59. 59. Adding a List • See what the activity looks like if you use a Spinner instead of a ListView. • Make the address field, presently an EditText widget, into an AutoCompleteTextView, using the other addresses as values to possibly reuse (e.g., for multiple restaurants in one place, such as a food court or mall).Further ReadingInformation on ListView and other selection widgets can be found in theUsing Selection Widgets chapter of The Busy Coders Guide to AndroidDevelopment. 36
  60. 60. TUTORIAL 5 Making Our List Be FancyIn this tutorial, we will update the layout of our ListView rows, so they showboth the name and address of the restaurant, plus an icon indicating thetype. Along the way, we will need to create our own custom ListAdapter tohandle our row views and a RestaurantHolder to populate a row from arestaurant.Regarding the notion of adapters and ListAdapter, to quote from The BusyCoders Guide to Android Development: In the abstract, adapters provide a common interface to multiple disparate APIs. More specifically, in Androids case, adapters provide a common interface to the data model behind a selection-style widget, such as a listbox...Androids adapters are responsible for providing the roster of data for a selection widget plus converting individual elements of data into specific views to be displayed inside the selection widget.Step-By-Step InstructionsFirst, you need to have completed the previous tutorial. If you arebeginning the tutorials here, or if you wish to not use your existing work,you can download a ZIP file with all of the tutorial results, and you can copythe 04-ListView edition of LunchList to use as a starting point. 37
  61. 61. Making Our List Be FancyStep #1: Create a Stub Custom AdapterFirst, let us create a stub implementation of a RestaurantAdapter that will bewhere we put our logic for creating our own custom rows. That can looklike this, implemented as an inner class of LunchList:class RestaurantAdapter extends ArrayAdapterRestaurant { RestaurantAdapter() { super(LunchList.this, android.R.layout.simple_list_item_1, model); }}We hard-wire in the android.R.layout.simple_list_item_1 layout for now,and we get our Activity and model from LunchList itself.We also need to change our adapter data member to be a RestaurantAdapter,both where it is declared and where it is instantiated in onCreate(). Makethese changes, then rebuild and reinstall the application and confirm itworks as it did at the end of the previous tutorial.Step #2: Design Our RowNext, we want to design a row that incorporates all three of our modelelements: name, address, and type. For the type, we will use three icons,one for each specific type (sit down, take-out, delivery). You can usewhatever icons you wish, or you can get the icons used in this tutorial fromthe tutorial ZIP file that you can download. They need to be namedball_red.png, ball_yellow.png, and ball_green.png, all located inres/drawable/ in your project.NOTE: If your project has no res/drawable/ directory, but does haveres/drawable-ldpi/ and others with similar suffixes, rename res/drawable-mdpi/ to res/drawable/ directory for use in this project, and delete the otherres/drawable-* directories. 38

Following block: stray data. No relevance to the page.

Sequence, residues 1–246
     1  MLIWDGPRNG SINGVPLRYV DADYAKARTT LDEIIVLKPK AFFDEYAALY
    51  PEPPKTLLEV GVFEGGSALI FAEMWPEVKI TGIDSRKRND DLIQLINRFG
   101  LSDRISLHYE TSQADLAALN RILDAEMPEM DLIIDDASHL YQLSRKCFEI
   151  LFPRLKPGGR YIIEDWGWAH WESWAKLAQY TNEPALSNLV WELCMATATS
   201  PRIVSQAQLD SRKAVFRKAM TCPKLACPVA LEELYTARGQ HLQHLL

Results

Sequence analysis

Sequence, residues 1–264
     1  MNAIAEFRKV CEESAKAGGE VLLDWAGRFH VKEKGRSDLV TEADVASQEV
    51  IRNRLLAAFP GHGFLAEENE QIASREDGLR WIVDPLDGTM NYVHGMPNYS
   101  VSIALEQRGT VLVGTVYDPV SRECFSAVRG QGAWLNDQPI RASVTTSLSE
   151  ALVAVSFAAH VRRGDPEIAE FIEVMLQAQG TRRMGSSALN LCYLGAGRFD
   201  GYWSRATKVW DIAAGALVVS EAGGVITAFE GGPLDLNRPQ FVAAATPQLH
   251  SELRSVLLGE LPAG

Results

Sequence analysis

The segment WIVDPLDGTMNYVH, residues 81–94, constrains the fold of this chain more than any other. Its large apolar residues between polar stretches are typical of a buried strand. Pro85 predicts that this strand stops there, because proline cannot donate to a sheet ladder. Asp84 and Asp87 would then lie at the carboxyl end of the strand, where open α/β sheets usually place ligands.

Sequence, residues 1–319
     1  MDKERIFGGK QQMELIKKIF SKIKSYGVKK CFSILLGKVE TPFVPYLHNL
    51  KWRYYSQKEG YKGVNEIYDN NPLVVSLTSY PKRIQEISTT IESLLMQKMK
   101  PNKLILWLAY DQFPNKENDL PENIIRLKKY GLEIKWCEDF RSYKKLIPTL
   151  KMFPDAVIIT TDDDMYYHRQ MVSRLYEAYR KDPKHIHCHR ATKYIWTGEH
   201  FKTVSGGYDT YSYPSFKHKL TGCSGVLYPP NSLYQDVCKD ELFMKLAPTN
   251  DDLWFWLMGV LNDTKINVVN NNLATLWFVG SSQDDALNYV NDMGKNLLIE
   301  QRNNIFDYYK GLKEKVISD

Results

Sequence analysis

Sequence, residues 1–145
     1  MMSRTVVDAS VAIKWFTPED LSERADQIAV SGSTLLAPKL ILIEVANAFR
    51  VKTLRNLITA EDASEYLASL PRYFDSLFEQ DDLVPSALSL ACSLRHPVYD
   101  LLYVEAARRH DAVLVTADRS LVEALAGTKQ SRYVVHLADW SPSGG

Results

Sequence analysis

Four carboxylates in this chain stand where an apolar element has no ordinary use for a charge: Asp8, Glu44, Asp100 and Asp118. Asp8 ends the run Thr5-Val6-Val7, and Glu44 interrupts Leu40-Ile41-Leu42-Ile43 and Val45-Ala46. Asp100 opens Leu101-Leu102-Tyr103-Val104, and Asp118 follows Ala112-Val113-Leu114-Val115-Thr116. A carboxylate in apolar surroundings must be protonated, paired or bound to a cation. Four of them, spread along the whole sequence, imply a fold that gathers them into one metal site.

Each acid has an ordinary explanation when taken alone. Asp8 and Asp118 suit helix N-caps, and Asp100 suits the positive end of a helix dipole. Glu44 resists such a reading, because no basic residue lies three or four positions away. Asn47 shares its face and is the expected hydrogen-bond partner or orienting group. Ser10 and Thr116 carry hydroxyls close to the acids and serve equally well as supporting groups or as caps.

62. 62. Making Our List Be FancyThe general layout is to have the icon on the left and the name stacked atopthe address to the right: Figure 12. A fancy row for our fancy listTo achieve this look, we use a nested pair of LinearLayout containers. Usethe following XML as the basis for LunchList/res/layout/row.xml:LinearLayout xmlns:android=http://schemas.android.com/apk/res/android android:layout_width=fill_parent android:layout_height=wrap_content android:orientation=horizontal android:padding=4dip ImageView android:id=@+id/icon android:layout_width=wrap_content android:layout_height=fill_parent android:layout_alignParentTop=true android:layout_alignParentBottom=true android:layout_marginRight=4dip / LinearLayout android:layout_width=fill_parent android:layout_height=wrap_content android:orientation=vertical TextView android:id=@+id/title android:layout_width=fill_parent android:layout_height=wrap_content android:layout_weight=1 android:gravity=center_vertical android:textStyle=bold android:singleLine=true android:ellipsize=end / TextView android:id=@+id/address android:layout_width=fill_parent android:layout_height=wrap_content android:layout_weight=1 android:gravity=center_vertical android:singleLine=true android:ellipsize=end / /LinearLayout/LinearLayout 39
  63. 63. Making Our List Be FancySome of the unusual attributes applied in this layout include: • android:padding, which arranges for some whitespace to be put outside the actual widget contents but still be considered part of the widget (or container) itself when calculating its size • android:textStyle, where we can indicate that some text is in bold or italics • android:singleLine, which, if true, indicates that text should not word-wrap if it extends past one line • android:ellipsize, which indicates where text should be truncated and ellipsized if it is too long for the available spaceStep #3: Override getView(): The Simple WayNext, we need to use this layout ourselves in our RestaurantAdapter. To dothis, we need to override getView() and inflate the layout as needed forrows.Modify RestaurantAdapter to look like the following:class RestaurantAdapter extends ArrayAdapterRestaurant { RestaurantAdapter() { super(LunchList.this, android.R.layout.simple_list_item_1, model); } public View getView(int position, View convertView, ViewGroup parent) { View row=convertView; if (row==null) { LayoutInflater inflater=getLayoutInflater(); row=inflater.inflate(R.layout.row, null); } Restaurant r=model.get(position); ((TextView)row.findViewById(R.id.title)).setText(r.getName()); ((TextView)row.findViewById(R.id.address)).setText(r.getAddress()); ImageView icon=(ImageView)row.findViewById(R.id.icon); 40